In an op-ed piece about whether it's necessarily a good thing to have everybody vote in national elections, a Notre Dame professor takes a look at a provocative counter-proposal: an "electoral jury" system. The idea would be to randomly select a representative jury of several thousand people or so, and let them do the heavy lifting of poring over candidates' positions, watching debates, and so on, explains Gary Gutting in the New York Times. After weeks of intense, transparent deliberations, they'd vote to select a winner. Likely? Of course not. Unconstitutional? Maybe. Which is why Gutting floats a modified version.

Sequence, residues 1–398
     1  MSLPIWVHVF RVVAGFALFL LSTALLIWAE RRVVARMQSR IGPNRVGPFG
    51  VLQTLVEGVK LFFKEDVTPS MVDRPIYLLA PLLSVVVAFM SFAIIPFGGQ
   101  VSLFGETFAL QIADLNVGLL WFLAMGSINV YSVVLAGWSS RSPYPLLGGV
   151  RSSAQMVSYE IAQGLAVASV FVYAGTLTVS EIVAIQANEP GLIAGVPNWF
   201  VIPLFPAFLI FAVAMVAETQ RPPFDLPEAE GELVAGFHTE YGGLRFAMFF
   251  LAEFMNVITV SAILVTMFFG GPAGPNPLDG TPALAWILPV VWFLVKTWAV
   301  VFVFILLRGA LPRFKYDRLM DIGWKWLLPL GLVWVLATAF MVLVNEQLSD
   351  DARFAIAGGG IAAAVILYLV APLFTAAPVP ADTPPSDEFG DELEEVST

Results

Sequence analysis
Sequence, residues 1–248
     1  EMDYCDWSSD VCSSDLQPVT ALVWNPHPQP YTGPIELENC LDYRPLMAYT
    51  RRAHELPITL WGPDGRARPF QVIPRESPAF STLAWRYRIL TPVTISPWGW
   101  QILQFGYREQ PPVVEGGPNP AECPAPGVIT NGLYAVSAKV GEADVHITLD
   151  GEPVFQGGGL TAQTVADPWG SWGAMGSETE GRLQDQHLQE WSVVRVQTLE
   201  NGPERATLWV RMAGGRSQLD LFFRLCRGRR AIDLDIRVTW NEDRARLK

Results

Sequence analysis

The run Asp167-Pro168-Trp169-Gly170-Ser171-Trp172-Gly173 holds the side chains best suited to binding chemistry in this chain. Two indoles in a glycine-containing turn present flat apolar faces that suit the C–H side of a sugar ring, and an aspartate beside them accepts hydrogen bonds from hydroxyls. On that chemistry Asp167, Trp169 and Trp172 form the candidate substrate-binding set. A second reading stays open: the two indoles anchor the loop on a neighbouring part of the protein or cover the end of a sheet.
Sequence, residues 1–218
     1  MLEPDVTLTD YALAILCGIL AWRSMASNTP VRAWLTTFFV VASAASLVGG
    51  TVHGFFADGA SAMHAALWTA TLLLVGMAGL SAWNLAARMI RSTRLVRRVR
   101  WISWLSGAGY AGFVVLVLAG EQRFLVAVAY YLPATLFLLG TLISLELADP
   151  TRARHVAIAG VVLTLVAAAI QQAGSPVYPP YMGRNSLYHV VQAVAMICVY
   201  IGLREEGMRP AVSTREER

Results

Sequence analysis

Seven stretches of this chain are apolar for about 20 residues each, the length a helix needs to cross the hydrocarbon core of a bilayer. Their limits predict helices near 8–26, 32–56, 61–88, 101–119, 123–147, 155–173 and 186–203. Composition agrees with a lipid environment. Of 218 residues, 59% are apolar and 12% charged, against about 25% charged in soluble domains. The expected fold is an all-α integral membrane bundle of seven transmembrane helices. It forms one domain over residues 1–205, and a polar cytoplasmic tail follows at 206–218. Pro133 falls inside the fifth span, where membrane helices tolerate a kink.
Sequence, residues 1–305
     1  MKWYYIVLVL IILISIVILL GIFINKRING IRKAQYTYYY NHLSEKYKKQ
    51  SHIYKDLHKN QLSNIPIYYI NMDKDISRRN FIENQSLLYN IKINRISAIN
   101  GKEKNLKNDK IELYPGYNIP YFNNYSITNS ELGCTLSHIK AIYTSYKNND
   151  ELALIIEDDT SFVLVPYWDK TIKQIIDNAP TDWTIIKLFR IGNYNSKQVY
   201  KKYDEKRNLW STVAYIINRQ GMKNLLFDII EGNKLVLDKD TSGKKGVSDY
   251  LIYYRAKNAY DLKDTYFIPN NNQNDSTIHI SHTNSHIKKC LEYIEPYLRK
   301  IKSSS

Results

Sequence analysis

"We could have an unofficial jury—chosen, perhaps, by a consortium of major universities or of television news divisions—that would meet, discuss in depth and vote several weeks before the actual election." If the system caught on, candidates would be clamoring to participate, and this mock vote would likely hold a good deal of sway over the actual voting to follow. "Such a jury might well be the best practical way toward more informed and intelligent voting," writes Gutting. Click for his full column. (Read more voting stories.)